Marriott says the benefits of the prefab approach include saving time, improved quality control and reduced environmental waste. Developers say it’s a way to avoid increasing cost, frustration with delays, site conflicts and skilled labor shortages. Research company Technavio says the global prefab construction market was about $79 million in 2015. It could exceed $110 million by 2020. Growth of about 7 percent is expected each year for at least the next 5 years.
Guerdon has been using the pre-fab system since 2006. It’s different and offers the advantages mentioned, but Schmidt says it comes with the challenges of managing a factory, employee facilities, production and personnel issues, and so on.
“Business is not a problem. Right now, demand outstrips supply,” he says. The company has numerous projects underway. It worked on Marriott’s first modular project in 2016, the Folsom Fairfield in Sacramento County. In all, it has installed about 1,500 rooms in 5 or 6 hotels for brands like Hilton, Hyatt and Hampton Inn. It also produces and installs apartments for affordable housing, seniors housing, student housing and market rate condos.
“We recently supplied 300 bathrooms for a 4-star hotel in Iowa,” says Doug Conradt, design engineer at Pivotek in West Chester, Ohio. They were complete with vinyl walls, tile floors and shower bases or tubs. They were prewired for electricity and the domestic water plumbing is all pre-done with faucets, sinks, toilets and single-point connections.”
In this case, the unit sits on top of the concrete slab. Bathrooms are the first thing placed on each floor. “We were connecting to a single pipe Sovent sanitary system, rather than a conventional parallel vent-stack system used often in high-rises. Waste and ventilation are both handled in one pipe from the ground floor up to the roof.”
“First the vertical and horizontal pipes were set in place, then the washroom unit was positioned under the rough-in. Then the final connection points for the lavatory p-trap and water closet flange were done, and finally the shower or tub drain.”
All 300 units were installed in three weeks. The company produced four units per day and shipped three trucks each Tuesday, Wednesday and Thursday. There were four bathrooms per flatbed, with individual weatherproof shrink-wrapping.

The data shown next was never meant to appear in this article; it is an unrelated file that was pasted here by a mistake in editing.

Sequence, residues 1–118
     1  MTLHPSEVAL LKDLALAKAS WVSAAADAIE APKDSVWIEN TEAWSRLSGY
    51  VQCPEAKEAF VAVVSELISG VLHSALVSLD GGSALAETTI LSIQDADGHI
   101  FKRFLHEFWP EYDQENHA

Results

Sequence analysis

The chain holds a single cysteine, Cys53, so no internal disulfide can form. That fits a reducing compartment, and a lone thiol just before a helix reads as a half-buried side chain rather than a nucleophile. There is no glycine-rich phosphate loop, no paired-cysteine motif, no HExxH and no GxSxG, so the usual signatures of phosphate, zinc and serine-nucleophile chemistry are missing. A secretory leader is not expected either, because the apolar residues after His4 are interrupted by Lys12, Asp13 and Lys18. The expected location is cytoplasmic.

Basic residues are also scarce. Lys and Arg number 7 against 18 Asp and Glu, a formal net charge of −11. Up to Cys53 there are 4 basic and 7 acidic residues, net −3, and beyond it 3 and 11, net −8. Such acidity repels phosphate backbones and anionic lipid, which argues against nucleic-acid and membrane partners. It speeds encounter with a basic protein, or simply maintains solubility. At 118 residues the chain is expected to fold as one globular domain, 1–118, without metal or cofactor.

“If you are doing bathrooms only, you save about a month,” Conradt says. “But if you use modules for electrical racks, pump skids and wall units, you start to see significant schedule savings. A key advantage is a better quality product compared to stick built washrooms because we use jigs and templates for all building processes from walls to tiling. Everything is put in with jigs, so they are in the same place on each and every unit.”
He says that prefabrication is also safe. There are no ladders. “We work ergonomically at tables. And it reduces waste, for example, drywall cuts are optimized. It’s easier to manage the waste in the plant than on the site.”
The Hill Group is pre-building and shipping about a dozen bathroom pods each day from its plant in Franklin Park, Illinois. A 7-story apartment building in Manhattan was assembled in 19 days in 2015, from 56 modular rooms built in a plant in Pennsylvania.
In Canada prefab companies are pre-building hotel rooms and other modules in Quebec and Ontario. A company in Toronto pre-fabricates wall panel systems, hospital washrooms, maintenance buildings, construction offices and lithium-ion batteries in sea containers for solar farms.
It recently pre-built 294 bathrooms, for a new hospital. The bathrooms were 9 feet tall and were craned to the edge of the 16-foot floor. The plumbing contractor used a pallet jack to wheel the unit into position, and workers at each corner simultaneously jacked it down into the slab depression. The plumber added extensions for the waterlines and the drain stack.
The waterlines are on top. Safety rules say that after they climb up they must be tied off, so the bathroom unit above has a precast hook in the bottom of it to clamp on the safety rig. This is just one example of numerous thoughtful improvements that can be made in the design stage, to make life easier and quicker on the jobsite.
Prefab modules are greener
According to the National Association of Home Builders (NAHB), a panelized building is environmentally friendly. It says: “Panelized building is an inherently green way to build ... Factory assembly means reduced construction material waste, less jobsite disturbance and easier cleanup. The precision construction of (prefab panels) makes them known for increased energy efficiency and lower heating and cooling costs ... most panelized (buildings) are weather-tight in a matter of days ... kept safer and dryer, reducing ... warping, mold, mildew and squeaking.”
Prefab hotel rooms and other building components are greener, safer for tradespeople, help solve labor shortages, result in higher quality, quieter experiences for customers and are selling like crazy. It all adds up to a 25-percent improvement in productivity. Good job. Way to go! Why don’t you take Friday off? You deserve it!